Condensate management is probably the most overlooked aspect of compressed air system design and operation. It shouldn’t be. Condensate management is likely the only thing associated with compressed air that could involve regulatory compliance.
Why are we even talking about water and compressed air? How does the water get into the airstream and, if it’s there, how can we remove it? To answer those questions, you must first understand the relationship between air, water, temperature, pressure and saturation.
Saturation defines the quantity of one substance another substance can absorb.
A volume of water, at a given temperature, can dissolve a known quantity of salt. Once that known amount of salt has been added to the water, the water is in a saturated state. If more salt is added, it simply remains undissolved in the water.
The ability of compressed air to hold moisture is dependent upon temperature and pressure.
The ability of air to hold moisture increases as its temperature increases. As a rule of thumb, increasing the temperature of air by 20°F will double the mass of moisture that a given mass of air can hold.
The ability of air to hold moisture is inversely proportional to the pressure of the air. When air is compressed from atmospheric pressure to a common working pressure (100 psig) the increase in pressure is nearly eight-fold, meaning that the compressed air (at the same temperature) can hold 1/8 of the moisture that it could in its ambient condition.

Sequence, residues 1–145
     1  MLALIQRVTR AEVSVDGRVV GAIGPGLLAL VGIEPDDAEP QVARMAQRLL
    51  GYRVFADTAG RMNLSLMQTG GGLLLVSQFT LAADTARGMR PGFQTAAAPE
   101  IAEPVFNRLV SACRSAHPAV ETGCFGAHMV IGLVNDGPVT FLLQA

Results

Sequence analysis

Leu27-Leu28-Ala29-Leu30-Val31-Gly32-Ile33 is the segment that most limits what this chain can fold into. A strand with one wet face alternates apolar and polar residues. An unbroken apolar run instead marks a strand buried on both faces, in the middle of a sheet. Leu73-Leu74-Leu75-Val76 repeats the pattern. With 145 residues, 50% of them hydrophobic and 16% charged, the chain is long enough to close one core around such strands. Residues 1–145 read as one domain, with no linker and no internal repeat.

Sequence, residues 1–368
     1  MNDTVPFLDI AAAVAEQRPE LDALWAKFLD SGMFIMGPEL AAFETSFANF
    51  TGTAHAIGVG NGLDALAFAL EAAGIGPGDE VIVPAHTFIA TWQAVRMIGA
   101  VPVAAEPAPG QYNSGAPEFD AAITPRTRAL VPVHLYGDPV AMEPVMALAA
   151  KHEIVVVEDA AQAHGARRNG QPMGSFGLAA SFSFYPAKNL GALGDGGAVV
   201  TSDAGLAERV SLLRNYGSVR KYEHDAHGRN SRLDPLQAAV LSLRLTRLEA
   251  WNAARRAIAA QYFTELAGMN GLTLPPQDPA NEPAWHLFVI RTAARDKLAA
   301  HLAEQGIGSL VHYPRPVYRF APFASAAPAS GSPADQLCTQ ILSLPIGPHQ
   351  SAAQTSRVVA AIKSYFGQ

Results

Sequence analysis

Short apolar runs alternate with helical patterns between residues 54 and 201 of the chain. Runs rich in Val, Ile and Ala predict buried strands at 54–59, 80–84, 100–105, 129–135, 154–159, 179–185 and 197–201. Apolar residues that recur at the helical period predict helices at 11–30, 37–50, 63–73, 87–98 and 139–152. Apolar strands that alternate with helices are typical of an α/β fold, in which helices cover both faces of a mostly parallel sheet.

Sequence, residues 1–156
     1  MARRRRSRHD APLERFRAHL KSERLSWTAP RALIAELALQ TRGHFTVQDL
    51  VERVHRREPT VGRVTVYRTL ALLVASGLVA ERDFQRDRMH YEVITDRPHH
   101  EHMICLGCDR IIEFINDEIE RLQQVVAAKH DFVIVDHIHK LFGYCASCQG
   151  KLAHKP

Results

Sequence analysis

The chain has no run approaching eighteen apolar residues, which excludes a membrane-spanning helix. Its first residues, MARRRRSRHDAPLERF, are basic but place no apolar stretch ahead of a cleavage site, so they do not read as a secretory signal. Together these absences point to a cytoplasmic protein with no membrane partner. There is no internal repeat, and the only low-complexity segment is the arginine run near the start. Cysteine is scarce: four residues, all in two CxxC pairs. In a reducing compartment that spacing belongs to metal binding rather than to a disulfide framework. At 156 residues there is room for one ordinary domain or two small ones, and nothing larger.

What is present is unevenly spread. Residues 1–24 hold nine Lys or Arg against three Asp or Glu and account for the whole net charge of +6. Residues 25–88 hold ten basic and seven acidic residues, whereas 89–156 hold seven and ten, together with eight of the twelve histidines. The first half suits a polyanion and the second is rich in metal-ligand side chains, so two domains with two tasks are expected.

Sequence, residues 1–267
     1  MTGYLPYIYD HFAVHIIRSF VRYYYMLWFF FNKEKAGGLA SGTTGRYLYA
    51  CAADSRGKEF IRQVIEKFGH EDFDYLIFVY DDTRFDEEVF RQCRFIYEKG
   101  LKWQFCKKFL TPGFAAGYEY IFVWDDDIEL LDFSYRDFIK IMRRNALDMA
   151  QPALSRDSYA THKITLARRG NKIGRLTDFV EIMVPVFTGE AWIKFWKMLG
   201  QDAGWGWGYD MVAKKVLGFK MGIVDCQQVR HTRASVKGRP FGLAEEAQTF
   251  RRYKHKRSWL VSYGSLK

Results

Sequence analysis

During the compression process, the air temperature increases, keeping the water vaporized in the compressed air. Unfortunately, the temperature of the compressed air exiting the compression chamber is commonly 190°F or more and must be cooled for use in a plant.
The adversarial relationship rears its ugly head when the saturated compressed air begins to cool. The cooled compressed air is unable to hold the same amount of moisture as the warm air because it has reached its saturation condition, or dew point. As the air cools below its saturation temperature, moisture condenses (changes from vapor to liquid). The liquid water (condensate) must now be removed from the compressed air system and treated as a waste stream.
How do we manage this adversarial relationship between compressed air and moisture? We consider condensate management at the start of a compressed air system project, looking for every location in which condensate should be removed from the system, and planning accordingly. We consult the operating permits to define the oil-water separation technology that is needed, given the type of lubricant and the permit limitations.
What is the best way to mediate this adversarial relationship? Find and consult with a qualified compressed air system expert at the beginning of the project to ensure no detail is missed.